I've been asked several times this week, "What do you think of Toyota now?"
I would like to emphasize that I do not, nor have I ever, claimed to be an expert on Toyota Motor Company or the Toyota Production System (TPS). I am, however, extremely interested in change across a variety of scales; The Model for Improvement, Lean methodology, statistical process control (SPC) and the pursuit of excellence through continuous learning and improvement.
In considering the question about Toyota, I reflected on my time at the IHI and the many hours spent with Jim Conway. During his tenure as the COO of Dana-Farber Cancer Institute, it was his job to respond to the tragic events that resulted in the death of Boston Globe health reporter Betsy Lehman. The institution had always prided itself on being a center of excellence. The event devastated all involved. The error involved breakdowns in standard processes and raised issues of trainee supervision, nursing competence, and order execution. Like only a handful of organizations at that time, the leadership team at Dana-Farber led their organization, and the nation, into a new era of introspection and transparency inviting patients and families into the planning and design of Dana-Farber's systems.
That said, it should come as no surprise to you that when our organization faced a tragic event that resulted in the death of a patient in our Emergency Department this summer, I immediately turned to my mentor Jim and asked, "How does an organization best face, own, respond to and recover from such an event?" This was only after I asked myself the following:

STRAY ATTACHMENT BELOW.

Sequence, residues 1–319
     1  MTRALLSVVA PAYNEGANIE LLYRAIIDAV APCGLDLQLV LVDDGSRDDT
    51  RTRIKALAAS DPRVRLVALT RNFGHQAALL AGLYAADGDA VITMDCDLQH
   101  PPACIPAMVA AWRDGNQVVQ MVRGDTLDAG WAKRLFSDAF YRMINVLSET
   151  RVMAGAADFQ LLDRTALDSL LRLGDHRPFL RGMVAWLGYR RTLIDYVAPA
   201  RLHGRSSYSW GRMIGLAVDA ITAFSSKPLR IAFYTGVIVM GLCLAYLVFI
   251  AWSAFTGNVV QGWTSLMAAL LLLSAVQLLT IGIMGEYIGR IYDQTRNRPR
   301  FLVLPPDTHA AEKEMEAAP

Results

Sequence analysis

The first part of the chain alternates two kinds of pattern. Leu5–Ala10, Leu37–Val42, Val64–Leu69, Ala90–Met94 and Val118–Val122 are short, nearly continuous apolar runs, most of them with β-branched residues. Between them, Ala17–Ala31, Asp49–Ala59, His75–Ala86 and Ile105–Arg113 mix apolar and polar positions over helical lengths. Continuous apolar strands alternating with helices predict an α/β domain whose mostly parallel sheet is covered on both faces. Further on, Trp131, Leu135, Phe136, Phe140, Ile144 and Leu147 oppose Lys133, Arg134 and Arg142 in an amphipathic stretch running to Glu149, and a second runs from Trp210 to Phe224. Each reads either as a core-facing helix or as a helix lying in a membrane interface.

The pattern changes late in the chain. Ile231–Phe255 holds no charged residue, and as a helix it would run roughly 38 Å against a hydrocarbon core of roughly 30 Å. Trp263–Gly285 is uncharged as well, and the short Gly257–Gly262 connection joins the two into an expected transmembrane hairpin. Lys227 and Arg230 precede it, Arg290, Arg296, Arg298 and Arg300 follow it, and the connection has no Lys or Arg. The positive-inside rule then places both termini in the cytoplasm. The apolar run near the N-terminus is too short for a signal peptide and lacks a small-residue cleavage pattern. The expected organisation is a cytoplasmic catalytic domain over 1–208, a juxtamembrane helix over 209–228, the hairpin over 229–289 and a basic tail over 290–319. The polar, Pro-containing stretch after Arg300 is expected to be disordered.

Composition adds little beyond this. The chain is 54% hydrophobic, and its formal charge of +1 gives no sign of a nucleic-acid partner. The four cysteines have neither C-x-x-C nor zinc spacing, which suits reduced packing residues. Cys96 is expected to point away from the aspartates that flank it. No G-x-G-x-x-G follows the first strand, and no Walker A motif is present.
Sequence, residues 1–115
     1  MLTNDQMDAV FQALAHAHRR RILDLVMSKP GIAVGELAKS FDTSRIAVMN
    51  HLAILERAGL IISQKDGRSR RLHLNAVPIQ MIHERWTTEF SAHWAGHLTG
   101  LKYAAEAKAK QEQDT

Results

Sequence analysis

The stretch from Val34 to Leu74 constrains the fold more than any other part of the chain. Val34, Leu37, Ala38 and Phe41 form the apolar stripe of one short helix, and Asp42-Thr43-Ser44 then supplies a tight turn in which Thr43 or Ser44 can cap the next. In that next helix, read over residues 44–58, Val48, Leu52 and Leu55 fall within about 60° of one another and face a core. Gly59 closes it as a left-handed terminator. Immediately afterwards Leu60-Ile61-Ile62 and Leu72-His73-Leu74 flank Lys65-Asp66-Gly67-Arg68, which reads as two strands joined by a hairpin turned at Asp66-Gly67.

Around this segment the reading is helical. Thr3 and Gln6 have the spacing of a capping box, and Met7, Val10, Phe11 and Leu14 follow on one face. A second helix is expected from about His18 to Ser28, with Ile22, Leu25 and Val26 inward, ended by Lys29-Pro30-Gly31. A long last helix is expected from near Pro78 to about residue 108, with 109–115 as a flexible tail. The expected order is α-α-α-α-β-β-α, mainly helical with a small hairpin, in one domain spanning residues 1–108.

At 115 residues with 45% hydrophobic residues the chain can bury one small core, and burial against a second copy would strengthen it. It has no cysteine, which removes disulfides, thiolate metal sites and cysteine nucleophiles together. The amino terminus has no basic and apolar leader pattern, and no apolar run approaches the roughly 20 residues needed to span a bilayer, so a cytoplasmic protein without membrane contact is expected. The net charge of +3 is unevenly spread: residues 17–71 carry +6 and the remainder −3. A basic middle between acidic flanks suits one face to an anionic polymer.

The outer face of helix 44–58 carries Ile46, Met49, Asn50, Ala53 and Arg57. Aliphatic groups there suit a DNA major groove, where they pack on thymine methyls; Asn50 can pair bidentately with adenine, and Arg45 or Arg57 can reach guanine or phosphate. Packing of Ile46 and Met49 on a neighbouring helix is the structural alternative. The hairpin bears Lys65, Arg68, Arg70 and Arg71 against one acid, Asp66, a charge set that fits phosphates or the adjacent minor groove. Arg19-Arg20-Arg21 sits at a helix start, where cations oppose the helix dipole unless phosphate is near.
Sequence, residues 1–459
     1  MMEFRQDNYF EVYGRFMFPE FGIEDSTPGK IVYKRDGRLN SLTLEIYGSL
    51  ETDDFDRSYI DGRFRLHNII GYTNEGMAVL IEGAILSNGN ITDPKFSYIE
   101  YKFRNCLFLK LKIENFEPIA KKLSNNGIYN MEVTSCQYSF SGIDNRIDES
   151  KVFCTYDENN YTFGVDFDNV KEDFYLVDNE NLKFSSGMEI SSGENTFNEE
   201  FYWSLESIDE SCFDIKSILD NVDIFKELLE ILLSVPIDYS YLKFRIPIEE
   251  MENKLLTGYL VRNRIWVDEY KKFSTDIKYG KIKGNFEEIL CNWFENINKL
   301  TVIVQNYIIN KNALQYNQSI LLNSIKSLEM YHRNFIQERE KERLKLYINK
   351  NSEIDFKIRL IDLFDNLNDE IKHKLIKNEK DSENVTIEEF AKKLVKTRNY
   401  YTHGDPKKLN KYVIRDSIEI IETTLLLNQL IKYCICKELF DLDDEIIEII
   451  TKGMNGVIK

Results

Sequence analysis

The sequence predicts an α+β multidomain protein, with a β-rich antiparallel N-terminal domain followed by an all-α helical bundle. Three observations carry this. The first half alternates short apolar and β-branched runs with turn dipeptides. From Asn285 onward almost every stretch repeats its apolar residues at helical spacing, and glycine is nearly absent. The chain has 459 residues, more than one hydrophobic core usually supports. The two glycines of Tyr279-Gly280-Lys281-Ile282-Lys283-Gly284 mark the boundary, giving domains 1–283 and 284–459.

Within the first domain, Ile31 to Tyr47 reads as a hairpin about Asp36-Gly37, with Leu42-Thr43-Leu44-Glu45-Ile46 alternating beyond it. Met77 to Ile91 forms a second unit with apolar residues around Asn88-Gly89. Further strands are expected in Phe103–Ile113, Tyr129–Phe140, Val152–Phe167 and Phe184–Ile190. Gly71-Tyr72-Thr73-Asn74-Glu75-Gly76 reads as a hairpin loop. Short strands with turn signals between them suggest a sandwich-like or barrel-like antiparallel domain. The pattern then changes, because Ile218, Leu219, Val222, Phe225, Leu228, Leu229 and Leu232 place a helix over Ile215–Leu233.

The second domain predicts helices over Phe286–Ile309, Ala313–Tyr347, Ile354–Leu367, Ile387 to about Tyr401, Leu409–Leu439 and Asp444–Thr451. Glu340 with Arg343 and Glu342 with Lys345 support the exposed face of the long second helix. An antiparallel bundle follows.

How could something this devastating happen here at a place where we don't just try and get by, but we aim to be the best?He said, "Never forget that excellence is not the same as perfection and within the gap between them sometimes lies tragedy. That is why learning and improvement must be an enduring attribute of your system."
What do I tell the staff who work so hard and so well every day?
How do we shed the shame, the embarrassment and how do we learn so this never happens again?
Returning to the original question I've been asked so many times this past week, "What do I think about Toyota now?"
I think they're not perfect.
I did post on Toyota in the fall. You can find that post Grasping for Salvation: Is the Mighty Toyota Falling here.
Some suggested readings from Steve Spear:
"3 Questions: Steven Spear on Toyota’s Troubles,” conducted by the MIT News Office.
"Toyota: Too Big, Too Fast," by Gordon Pitts
in The Globe and Mail (February 5, 2010)
"Learning from Toyota's Stumble,"
e-article at HarvardBusiness.Org.
for preface, forward, intro, and blog.